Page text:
2. Cellular Localization and Functions of Aurora Kinases

    Aurora kinases have different subcellular distribution during the process of mitosis (Figure 2). AURKA and AURKB are constitutively present in mitotically active cells and are upregulated in highly proliferative tissues whereas the presence of AURKC is restricted to germ cells of both genders during meiosis [29]. The mitotic roles of the three Aurora kinases are thought to be dependent on their expression, temporal restriction, and localization, rather than on their kinase activity. Beside their localization, their functional differences are principally determined through binding with molecular partners and/or substrates [30].

    Figure 2. The Aurora kinases, AURKA () and AURKB () are expressed and activated from the G2 through the M phase being involved in mitotic chromosomal segregation [13][14]. AURKA is mainly localized in the centrosomes in interphase and mitotic cells, and is important for centrosome maturation and separation, which in turn are necessary for mitotic entry and bipolar spindle formation. AURKB is generally located at the kinetochore of mitotic cells and to the midbody of cytokinetic cells, which regulate kinetochore-microtubule attachments that are critical for chromosome alignment and segregation as well as to regulate cytokinesis [31][32]. AURKB and AURKC are thought to have the same distribution pattern in mitotic cells [33], hence, AURKC is not included in the diagram.

    The human AURKA is encoded by the AURKA gene located on chromosome 20q13.2 and is the most studied of Aurora kinase family. The kinase activity of AURKA and the levels of proteins linked to this kinase increase from G2 phase through the mitosis phase, reaching an activity peak during pro-metaphase. Its activation in the late G2 phase is required to trigger the initial activation of cyclin B1-CDK 1 at the centrosome and provide entry into mitosis [34]. Thr288 phosphorylation determines the activation of the kinase activity of AURKA while its deactivation is determined by the dephosphorylation of Thr288 by protein phosphatase 1 (PP1). The activity of AURKA is determined by a protein associated with microtubules targeting protein for xenopus kinesin-like protein (TPX2), which triggers its autophosphorylation and protects it from the inhibitory property of PP1 [12][35]. The organization of the anaphase spindle at the end of mitosis is determined by the presence of AURKA, whose abundance is downregulated by the proteolysis process mediated by the APC/C-Cdh1-dependent proteasome [13].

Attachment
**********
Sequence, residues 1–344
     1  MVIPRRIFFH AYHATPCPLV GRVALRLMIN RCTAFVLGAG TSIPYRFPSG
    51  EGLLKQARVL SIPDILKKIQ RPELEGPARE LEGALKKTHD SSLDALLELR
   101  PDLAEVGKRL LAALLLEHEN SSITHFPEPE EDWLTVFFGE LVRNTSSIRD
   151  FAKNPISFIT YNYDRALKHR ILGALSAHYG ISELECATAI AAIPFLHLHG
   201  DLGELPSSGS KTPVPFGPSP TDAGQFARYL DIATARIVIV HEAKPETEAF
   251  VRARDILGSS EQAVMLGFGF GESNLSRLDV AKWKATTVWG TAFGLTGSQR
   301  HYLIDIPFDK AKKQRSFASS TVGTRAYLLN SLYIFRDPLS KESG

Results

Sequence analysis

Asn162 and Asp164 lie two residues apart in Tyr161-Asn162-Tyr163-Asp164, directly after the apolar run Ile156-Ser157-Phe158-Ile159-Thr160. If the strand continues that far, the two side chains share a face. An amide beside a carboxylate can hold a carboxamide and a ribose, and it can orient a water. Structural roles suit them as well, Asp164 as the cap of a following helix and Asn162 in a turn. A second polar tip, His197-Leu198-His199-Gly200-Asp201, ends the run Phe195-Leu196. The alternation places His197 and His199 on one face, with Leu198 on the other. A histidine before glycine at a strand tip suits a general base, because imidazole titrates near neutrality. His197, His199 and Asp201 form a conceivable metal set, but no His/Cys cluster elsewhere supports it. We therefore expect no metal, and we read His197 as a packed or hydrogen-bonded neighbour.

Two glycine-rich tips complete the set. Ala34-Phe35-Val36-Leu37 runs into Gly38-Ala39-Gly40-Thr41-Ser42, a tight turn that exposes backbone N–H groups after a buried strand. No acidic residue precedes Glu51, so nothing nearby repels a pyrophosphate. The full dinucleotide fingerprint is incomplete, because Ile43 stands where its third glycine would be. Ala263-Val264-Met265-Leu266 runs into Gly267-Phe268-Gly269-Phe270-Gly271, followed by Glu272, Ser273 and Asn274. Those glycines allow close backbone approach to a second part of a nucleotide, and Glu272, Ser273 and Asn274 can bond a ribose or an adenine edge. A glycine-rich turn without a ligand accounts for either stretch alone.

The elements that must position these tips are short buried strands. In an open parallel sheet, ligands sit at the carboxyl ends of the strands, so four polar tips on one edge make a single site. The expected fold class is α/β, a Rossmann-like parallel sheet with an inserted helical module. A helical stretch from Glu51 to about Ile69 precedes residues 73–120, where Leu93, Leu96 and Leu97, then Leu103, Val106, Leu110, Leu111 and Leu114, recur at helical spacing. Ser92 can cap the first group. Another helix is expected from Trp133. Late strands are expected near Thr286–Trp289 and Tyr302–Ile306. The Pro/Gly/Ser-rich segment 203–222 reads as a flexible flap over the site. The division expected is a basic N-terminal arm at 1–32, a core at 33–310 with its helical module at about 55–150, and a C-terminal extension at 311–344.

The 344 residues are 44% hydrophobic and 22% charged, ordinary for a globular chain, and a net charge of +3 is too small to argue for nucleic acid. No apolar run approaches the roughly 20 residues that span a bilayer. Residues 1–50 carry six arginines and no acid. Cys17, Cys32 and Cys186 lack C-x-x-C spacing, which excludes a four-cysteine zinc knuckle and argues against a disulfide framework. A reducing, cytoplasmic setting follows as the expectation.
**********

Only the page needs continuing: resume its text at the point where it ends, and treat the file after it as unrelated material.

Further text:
Aurora-B is a protein encoded by the AURKB gene found on chromosome 17p13.1 [36]. AURKB guarantees a correct kinetochore–microtubule attachment thanks to the collaboration of other substrates such as survivin, borealin, and the internal centromere protein (INCEP). In fact, AURKB phosphorylates INCEP directly, increasing its kinase activity in vitro [37] In mitotic cells, AURKB is localized to the kinetochore of prometaphase chromosome, contributing to their proper alignment at metaphase, and to the spindle midzone of anaphase cells and execute important actions for the completion of cytokinesis reviewed in [38]. Aurora-B can cause defects in chromosome separation and cytokinesis, implying its pivotal role in cell division [31]. At the end of mitosis, both AURKA and AURKB are subjected to ubiquitination and proteasome degradation after dephosphorylation by PP2A or PP1 [39].

    The Aurora-C is encoded by the AURKC gene localized at chromosome 19q13.43 (Gene ID: 6795). AURKB and AURKC are thought to have similar distribution pattern sequences, substrates such as INCENP [40], surviving, and borealin, and functions during cell division [33]. The only detectable difference is the localization of AURKC in interphase germ cells that involves the centrosomes rather than the nuclei [41].

    The entry is from 10.3390/cancers12113371